3) Meditation and Relaxation Techniques

A regular meditation practice may help to promote sleep by slowing breathing and reducing stress hormone levels.(7) Meditation is a technique that involves consciously directing one's attention to an object of focus (such as breathing or a sound or word) in order to increase awareness, relax the body, and calm the mind.


Some types of meditation include guided meditation, vipassana meditation, yoga nidra, or body scan. Also try:


  • Visualization: Visualization involves actively imagining a relaxing scene.(8) You can try it in bed for 20 minutes before falling asleep. Involve all your senses. If you're imagining yourself on a tropical island, think of the way the warm breeze feels against your skin. Imagine the sweet scent of the flowers, look at the water and listen to the waves. The more vivid the visualization and the more senses you involve, the more effective it will be.

  • Relaxation response: This is a mind/body response that occurs after following specific instructions patterned closely after Transcendental Meditation.

  • Mindfulness: This type of meditation essentially involves focusing on your mind on the present.


Early evidence suggests that meditation techniques may improve sleep.(9) The National Center for Complementary and Integrative Health says relaxation techniques have enough evidence to say they can be helpful for insomnia. But further research is still needed.


4) Deep Breathing ~ in a 4-7-8 Pattern

This is a breathing technique that helps oxygenate the blood and promote relaxation, used by many religions, in some variation, for meditation or prayer. Recent information suggests that it may help the body shift from sympathetic nervous activity (fight or flight) to parasympathetic (relaxation).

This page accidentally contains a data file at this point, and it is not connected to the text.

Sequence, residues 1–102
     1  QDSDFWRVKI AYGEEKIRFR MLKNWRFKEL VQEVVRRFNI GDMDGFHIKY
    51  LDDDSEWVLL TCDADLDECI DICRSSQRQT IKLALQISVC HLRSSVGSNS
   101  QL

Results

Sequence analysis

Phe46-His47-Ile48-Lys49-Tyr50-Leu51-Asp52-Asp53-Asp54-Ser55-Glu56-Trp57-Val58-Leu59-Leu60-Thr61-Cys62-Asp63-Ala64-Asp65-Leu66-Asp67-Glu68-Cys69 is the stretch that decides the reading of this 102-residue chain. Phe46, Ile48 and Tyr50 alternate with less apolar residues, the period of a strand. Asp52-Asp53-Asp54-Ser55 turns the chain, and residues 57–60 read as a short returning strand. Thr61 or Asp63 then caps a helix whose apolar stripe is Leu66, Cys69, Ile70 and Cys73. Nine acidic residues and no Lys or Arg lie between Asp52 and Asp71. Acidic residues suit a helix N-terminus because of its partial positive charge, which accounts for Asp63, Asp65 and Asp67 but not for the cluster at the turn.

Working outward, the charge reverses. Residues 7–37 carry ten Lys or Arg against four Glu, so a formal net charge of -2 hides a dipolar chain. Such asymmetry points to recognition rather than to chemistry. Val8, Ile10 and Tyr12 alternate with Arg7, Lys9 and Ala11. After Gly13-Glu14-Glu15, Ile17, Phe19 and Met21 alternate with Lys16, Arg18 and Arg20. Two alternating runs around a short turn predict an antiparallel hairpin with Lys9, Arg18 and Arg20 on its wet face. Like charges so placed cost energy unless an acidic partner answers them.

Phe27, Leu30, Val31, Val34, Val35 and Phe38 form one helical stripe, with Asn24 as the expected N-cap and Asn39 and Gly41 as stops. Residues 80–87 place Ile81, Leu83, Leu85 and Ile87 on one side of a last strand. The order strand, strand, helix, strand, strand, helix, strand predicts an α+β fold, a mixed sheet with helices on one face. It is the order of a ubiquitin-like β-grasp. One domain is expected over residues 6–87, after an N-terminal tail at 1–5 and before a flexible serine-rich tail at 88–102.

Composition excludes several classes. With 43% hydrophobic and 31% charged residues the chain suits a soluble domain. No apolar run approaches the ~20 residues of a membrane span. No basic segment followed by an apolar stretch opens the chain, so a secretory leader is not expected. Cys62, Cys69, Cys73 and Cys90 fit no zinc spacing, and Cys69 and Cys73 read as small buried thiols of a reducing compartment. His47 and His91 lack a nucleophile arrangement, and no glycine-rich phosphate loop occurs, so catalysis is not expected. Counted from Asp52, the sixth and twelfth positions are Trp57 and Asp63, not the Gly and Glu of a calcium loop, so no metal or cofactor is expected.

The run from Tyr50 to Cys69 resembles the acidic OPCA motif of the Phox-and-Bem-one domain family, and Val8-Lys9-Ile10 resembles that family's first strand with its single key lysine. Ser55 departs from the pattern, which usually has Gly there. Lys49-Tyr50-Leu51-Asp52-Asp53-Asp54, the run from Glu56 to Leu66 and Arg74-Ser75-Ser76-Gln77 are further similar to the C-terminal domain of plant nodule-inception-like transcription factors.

Either way, it is a quick and simple technique that seems to really help promote restful sleep and that doesn’t cost a thing!



5) Lights!


Light Exposure Therapy

Light therapy is used as part of sleep treatment plans.(5) If you have trouble falling asleep at night or have delayed sleep-phase syndrome, you may need more light in the morning.


Light exposure plays a key role in telling the body when to go to sleep (by increasing melatonin production) and when to wake up. A walk outdoors first thing in the morning or light therapy for 30 minutes may help.


Home light therapy units are available and may be recommended by your doctor or sleep specialist to use in conjunction with your sleep therapy.


Turn Off Artificial Lights—Including Screens


For those with insomnia, a calm, relaxing sleep environment is imperative for uninterrupted slumber. Perhaps one of the most effective natural sleep remedies is removing electronics that having glowing screens, such as cell phones, tablets, and laptops, according to a study published in Molecular Vision. They have found that the blue light disrupts your circadian rhythms, making it difficult to fall asleep. Try removing artificial lighting (including screens) two hours before going to bed. Keep in mind, even if you can fall asleep the pings from your cell phone or email can disrupt your sleep cycle. Go even further by making sure your shades are tightly drawn against any outdoor lights. Furthermore, to maximize your comfort, the National Sleep Foundation recommends a room temperature between 60 and 67 degrees. 


6) Food and Diet


The secret is out, the importance of gut health has emerged and continues to grow. A healthy gut, is a major contributor to a healthy mind.


  • Limit your intake of caffeine, alcohol, and nicotine. Caffeine and nicotine can have a pronounced effect on sleep, causing insomnia and restlessness.(11) In addition to coffee, tea, and soft drinks, look for hidden sources of caffeine such as chocolate, cough and cold medicine, and other over-the-counter medicine. Alcohol consumption can result in nighttime wakefulness.

  • Cut back on sugar. Although sugar can give a burst of energy, it's short-lived and can cause uneven blood sugar levels. This can disrupt sleep (12) in the middle of the night as blood sugar levels fall.